In these difficult economic times, the importance of sound fiscal policy in local government cannot be overstated. Taxpayers count on City government to deliver cost-effective, high-quality services, while serving as the steward of public funds. When I took office in 2006, New Bedford had a $1.5 million deficit in its budget and $8,675 in its reserve account. To balance the books, the City had proposed the sale of the Civil Defense building on County Street, along with the police shooting range in Dartmouth. I rejected the sale of our assets as a mechanism to bridge the City’s budget gaps, and committed to put the City’s financial house in order.
Over the last six years, my administration worked diligently with the Department of Revenue (DOR) to strengthen our finances and, as a result, New Bedford is financially strong as it enters 2012. Our goals have been to balance the need to provide critical and efficient City services to our residents, with the need to keep taxes at an affordable rate for homeowners and commercial taxpayers. We pursued resources from every possible source, took advantage of every program and partnership, and used legal avenues to ensure that the City receives the funding to which it is entitled. New Bedford’s success was based on the City’s financial team working with each department to analyze their budgeting and accounting records, ensuring expenditures were controlled. I reviewed each budget for completeness, accuracy, and conformance with procedures and regulations.
Despite a dramatic decrease in state aid—a drop totaling $9.6 million, or 31.3% from $30.8 million in 2008 to $21.1 million in 2012—New Bedford has held its tax levy without an increase for three years of the six years that I have served as Mayor (2008, 2011, and 2012). Taxpayers can rest assured that the annual automatic increase to the tax levy by 2.5% is no longer the practice in New Bedford.
The City of New Bedford finished each fiscal year of my six years with a positive bottom line, giving us the ability to certify free cash. Prior to Fiscal Year 2007, free cash had not been certified since Fiscal Year 2002. Notably, from Fiscal Year 1982 through Fiscal Year 2006, the City only had free cash certified by the DOR a total of six times. Certified free cash relieves pressure on the City’s budget, helping alleviate the residents’ tax burden. I am pleased to report that the total amount of free cash certified for the City of New Bedford in the last 6 years is now $20,099,093. Further, we have increased our reserve account from $8,675 to $5,726,798 as of the end of Fiscal Year 2011. The new free cash certified by the state DOR for Fiscal Year 2012, totaling $1,313,326, will bring the account to over $8 million. The City’s short-term debt decreased by $46.5 million dollars, from $76.4 million in FY06 to $30.0 million on June 30, 2011. The City’s long-term debt also decreased by $7.7 million, from $200.4 million to $192.7 million on June 30, 2011.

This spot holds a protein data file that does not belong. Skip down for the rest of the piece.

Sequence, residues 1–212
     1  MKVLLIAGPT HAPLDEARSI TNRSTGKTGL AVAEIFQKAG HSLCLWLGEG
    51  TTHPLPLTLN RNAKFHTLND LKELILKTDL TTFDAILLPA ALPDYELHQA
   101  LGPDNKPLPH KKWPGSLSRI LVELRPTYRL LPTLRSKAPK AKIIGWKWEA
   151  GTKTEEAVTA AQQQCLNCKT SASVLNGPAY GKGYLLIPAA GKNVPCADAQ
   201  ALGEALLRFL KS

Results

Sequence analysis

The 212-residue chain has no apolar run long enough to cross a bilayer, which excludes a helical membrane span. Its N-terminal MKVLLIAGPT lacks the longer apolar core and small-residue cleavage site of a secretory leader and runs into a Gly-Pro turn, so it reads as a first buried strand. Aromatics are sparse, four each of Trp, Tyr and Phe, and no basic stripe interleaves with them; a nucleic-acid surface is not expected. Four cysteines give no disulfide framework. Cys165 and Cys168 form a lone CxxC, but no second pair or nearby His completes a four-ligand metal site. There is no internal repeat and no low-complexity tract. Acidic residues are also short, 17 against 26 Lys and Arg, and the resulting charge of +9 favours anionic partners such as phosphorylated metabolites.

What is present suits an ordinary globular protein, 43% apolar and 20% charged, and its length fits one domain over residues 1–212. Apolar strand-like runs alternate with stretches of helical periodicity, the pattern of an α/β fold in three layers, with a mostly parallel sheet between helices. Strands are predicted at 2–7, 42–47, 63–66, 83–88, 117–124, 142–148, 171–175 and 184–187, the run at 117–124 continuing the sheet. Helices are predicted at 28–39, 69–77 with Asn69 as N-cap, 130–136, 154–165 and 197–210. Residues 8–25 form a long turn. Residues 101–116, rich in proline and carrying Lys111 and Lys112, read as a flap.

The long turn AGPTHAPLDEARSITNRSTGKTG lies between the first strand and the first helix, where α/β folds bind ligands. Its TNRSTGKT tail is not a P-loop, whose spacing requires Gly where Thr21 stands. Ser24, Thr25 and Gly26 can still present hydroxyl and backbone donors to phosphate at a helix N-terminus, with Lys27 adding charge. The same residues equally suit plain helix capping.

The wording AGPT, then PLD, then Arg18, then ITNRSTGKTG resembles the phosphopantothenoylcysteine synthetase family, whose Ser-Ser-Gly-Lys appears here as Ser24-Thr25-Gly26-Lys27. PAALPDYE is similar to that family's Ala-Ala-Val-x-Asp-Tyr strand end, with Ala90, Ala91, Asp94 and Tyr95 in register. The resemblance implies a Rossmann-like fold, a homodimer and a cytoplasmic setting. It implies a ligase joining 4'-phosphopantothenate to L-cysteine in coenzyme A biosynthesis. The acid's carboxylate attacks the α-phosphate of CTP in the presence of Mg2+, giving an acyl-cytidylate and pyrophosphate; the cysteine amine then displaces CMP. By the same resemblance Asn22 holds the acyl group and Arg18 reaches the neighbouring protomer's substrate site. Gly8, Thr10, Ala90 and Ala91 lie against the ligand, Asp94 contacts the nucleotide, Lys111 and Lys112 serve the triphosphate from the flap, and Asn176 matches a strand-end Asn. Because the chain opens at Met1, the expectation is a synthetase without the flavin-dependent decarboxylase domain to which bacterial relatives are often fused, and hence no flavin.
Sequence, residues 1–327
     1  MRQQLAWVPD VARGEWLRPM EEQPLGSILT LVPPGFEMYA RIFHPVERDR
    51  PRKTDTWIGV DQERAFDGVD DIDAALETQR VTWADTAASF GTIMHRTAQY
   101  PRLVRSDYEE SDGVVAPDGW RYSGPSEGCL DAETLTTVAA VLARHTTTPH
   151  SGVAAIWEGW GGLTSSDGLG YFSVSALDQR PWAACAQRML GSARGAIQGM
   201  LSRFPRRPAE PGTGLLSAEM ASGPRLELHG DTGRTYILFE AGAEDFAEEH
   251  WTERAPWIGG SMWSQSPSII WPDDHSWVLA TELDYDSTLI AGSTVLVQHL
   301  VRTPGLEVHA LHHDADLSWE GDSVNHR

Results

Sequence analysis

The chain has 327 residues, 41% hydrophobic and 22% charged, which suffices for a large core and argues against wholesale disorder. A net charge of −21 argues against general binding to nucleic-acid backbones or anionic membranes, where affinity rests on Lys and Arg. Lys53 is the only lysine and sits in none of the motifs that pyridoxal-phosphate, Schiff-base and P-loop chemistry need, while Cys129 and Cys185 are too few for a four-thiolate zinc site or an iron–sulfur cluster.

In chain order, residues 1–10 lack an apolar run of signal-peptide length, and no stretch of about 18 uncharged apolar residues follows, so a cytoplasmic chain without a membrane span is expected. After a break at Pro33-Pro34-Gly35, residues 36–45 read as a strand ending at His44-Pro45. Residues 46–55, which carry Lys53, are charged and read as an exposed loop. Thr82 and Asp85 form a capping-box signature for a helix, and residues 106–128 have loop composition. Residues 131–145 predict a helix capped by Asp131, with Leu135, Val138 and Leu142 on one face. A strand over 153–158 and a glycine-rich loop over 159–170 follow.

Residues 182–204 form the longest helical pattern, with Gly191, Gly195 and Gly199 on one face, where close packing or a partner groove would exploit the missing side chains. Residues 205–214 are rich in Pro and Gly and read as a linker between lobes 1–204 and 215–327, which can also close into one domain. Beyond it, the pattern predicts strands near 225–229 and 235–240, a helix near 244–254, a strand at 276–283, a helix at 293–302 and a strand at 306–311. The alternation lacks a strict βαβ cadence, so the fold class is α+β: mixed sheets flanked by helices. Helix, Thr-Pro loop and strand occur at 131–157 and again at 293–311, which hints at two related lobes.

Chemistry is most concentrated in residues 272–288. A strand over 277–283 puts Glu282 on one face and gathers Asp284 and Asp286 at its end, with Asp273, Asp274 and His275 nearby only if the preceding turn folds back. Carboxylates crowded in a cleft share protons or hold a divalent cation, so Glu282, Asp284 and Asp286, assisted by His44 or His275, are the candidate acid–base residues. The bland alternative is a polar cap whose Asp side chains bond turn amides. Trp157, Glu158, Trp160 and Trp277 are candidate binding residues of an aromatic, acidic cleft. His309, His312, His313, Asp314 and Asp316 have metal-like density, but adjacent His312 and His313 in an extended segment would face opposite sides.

With the cooperation of our employee unions, the City for the first time in 50 years put its health insurance out to bid twice, saving millions of dollars in health care costs. We utilized federal government auctions to replace aging vehicles in our fleet, and secured state and federal funding to help offset the cost of operations. Over the past six years, the City of New Bedford received $8.7 million more in federal grant funding—from $35.5 million in 2006 to $44.2 million in 2011. These grants support many functions of our government.
We have worked closely with the Massachusetts School Building Authority (MSBA) to improve the oldest elementary school building stock in the state. In 2010, we applied for and received 90% reimbursement on the Sea Lab building and the new Lincoln School. In addition, the City executed the project funding agreement for Keith Middle School in the amount of $74.2 million, or 90% of the total $82.6 million budget, and the McCoy Field House in the amount of $3 million, or 90% of the total $3.3 million budget. MSBA is also helping to fund the remediation of New Bedford High School.
The City Solicitor successfully pursued reimbursement from the former operators and owners of the New Bedford Railroad Depot property, located on Herman Melville Blvd. The City has entered into a settlement for $3 million for claims related to the environmental clean-up of the former Railyard.
As a result of all of these efforts, for the first time in five decades the City Bond Rating was upgraded by Moody’s from a “Baa1” rating when I took office in 2006, to an “A3” rating in 2007, to an “A1” rating in 2010, which continues today. This upgrade saves our taxpayers money each year.
Despite the “Great Recession,” New Bedford has experienced the strongest level of new growth in the Commonwealth outside of Boston. These economic projects create new jobs and expand New Bedford’s tax base. Continued expert fiscal management, will allow New Bedford to accelerate the City’s positive momentum. Sound fiscal management is the keystone for a successful local government, and with it, New Bedford’s future new growth and development will continue at a strong pace.